On the 20th of may 2009, the company “Classical Numismatic Group” organized the “Mail Bid Sale 81” with different kinds of coins, especially ancient ones.
One of the most spectacular coins sold was a very rare aureus minted by Sextus Pompey, son of Pompey the Great.
This is one of the rarest coins of the end of the Republic, as shown by the final price $72,500 , a bid under the estimated $75,000 .
The coin’s description:
AU, å , 8.17 gr.
Bare head of Sextus Pompey to right. Legend MAG PIVS-IMP ITER (Magnus Pius Imperator Iter). All in oak wreath.
Confronted bare heads of Cnaeus Pompey the Great and his son. On sides, a lituus and a tripod . The legend PRAEF/ CLAS.ET.ORAE/MARIT.EX.S.C
M. Crawford Roman Republican Coinage , nr. 511/1
Minted in Sicily, around 42 BC.
This coin has a particular interesting history. After the war between Caesar and Pompey the Great, finished with Caesar’s victory at Phillipi in Macedonia in 49 BC, the sons of the latter continued the fight. After long wars, with different episodes, one more dramatic then the other, one of Pompey’s sons, Sextus, was able to build a fleet and conquer one of the Roman provinces, Sicily. When Caesar was alive, he was considered to be a pirate and the Roman state fought him. Yet his power was considerable in the region, so he was able to mint some coins, usually in silver.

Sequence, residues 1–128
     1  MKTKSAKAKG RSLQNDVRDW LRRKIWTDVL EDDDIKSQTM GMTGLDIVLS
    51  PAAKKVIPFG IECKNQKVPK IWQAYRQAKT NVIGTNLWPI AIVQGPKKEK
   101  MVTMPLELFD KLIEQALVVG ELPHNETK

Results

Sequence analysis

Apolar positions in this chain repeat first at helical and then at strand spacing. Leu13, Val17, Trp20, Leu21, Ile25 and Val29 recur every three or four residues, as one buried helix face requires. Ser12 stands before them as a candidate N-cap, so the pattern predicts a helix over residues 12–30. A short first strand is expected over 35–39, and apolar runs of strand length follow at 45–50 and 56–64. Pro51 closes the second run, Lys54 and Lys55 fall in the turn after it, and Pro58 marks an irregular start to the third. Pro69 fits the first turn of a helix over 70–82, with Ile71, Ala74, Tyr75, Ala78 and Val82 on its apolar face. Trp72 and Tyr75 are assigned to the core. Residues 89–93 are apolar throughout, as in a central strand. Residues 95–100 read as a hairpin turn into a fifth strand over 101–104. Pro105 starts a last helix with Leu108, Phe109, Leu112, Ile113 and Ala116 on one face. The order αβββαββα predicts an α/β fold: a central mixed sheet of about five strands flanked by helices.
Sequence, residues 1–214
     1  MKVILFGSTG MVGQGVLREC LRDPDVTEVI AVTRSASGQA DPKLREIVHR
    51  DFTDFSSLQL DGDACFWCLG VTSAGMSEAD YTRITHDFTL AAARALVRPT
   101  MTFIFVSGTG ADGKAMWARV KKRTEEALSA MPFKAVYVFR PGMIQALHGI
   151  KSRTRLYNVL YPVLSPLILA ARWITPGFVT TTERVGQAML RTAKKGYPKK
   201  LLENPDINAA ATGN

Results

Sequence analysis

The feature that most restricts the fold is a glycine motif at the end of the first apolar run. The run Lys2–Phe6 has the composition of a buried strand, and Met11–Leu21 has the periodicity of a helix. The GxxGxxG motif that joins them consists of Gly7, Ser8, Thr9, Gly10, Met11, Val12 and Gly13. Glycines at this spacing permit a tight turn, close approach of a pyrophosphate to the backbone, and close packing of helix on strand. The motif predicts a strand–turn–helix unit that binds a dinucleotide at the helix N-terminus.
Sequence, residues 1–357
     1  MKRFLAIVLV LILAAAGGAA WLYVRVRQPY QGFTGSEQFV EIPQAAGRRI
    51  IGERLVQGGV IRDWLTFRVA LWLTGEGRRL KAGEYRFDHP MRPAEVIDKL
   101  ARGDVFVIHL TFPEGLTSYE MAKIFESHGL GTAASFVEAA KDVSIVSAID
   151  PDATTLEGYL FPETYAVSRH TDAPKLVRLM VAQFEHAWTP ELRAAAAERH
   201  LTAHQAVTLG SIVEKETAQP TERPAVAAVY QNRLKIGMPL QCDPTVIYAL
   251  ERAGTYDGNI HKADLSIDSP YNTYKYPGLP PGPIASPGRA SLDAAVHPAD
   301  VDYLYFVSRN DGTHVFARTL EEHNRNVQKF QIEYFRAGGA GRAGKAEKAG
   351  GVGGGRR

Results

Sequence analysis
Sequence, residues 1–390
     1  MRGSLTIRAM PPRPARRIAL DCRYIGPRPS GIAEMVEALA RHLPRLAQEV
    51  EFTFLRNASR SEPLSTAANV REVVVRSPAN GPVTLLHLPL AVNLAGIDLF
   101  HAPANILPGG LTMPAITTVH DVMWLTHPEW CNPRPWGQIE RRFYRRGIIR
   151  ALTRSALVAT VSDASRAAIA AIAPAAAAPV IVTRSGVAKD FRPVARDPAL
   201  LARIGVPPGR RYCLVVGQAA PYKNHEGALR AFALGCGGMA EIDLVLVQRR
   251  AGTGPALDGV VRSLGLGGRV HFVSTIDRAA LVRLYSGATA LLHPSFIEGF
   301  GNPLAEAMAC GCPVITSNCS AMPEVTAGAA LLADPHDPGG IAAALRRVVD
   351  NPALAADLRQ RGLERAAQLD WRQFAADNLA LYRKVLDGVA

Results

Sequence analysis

After Caesar’s death, because of the political fights in Rome, he was considered an ally by the Senate and an enemy by Caesar’s son, Octavian Augustus.
In 44 and 43 BC, the Senate appointed him praefectus of Sicily, a function that can be assimilated with that of an admiral. On this occasion, he minted some coins like this one, with his head and his father’s head. Because Pompey the Great didn’t mint any coins with his portrait, this piece is a fine example of how he looked like.
Sextus Pompeius was able to hold the power until 36 BC when he was finally defeated by Octavian and killed.
In front, the coin shows Sextus’s bust. The oak wreath (corona civica in Latin) and the title IMP ITER (ruler for the second time) are titles given by the Senate after his victory in 43 BC over the rebel general Salvidienus. The Corona Civica or civil crown was a form of medal, given to a soldier if he had saved the life of a comrade in battle.
On the back, the coin shows Pompey the Great and his son, Cnaeus, Sextus’s brother. Behind the bust of Pompey, a lituus, a sacred instrument, similar to a spoon, used in religious ceremonies. It was used only by the high ranking priest, as Pompey was.
Behind Cnaeus, the tripod, or tree legs, is a specific instrument used by the quindecimviri sacris faciundis or “the 15 men (appointed) to make sacred sacrifices”, one of the high ranking religious functions in ancient Rome, in their sacrificing activity.
The legend on this side means: Praefectus Classis et Orae Maritimae ex Senatum Consulto - Admiral of the fleet and the shores (of Sicily), by Senate decision.
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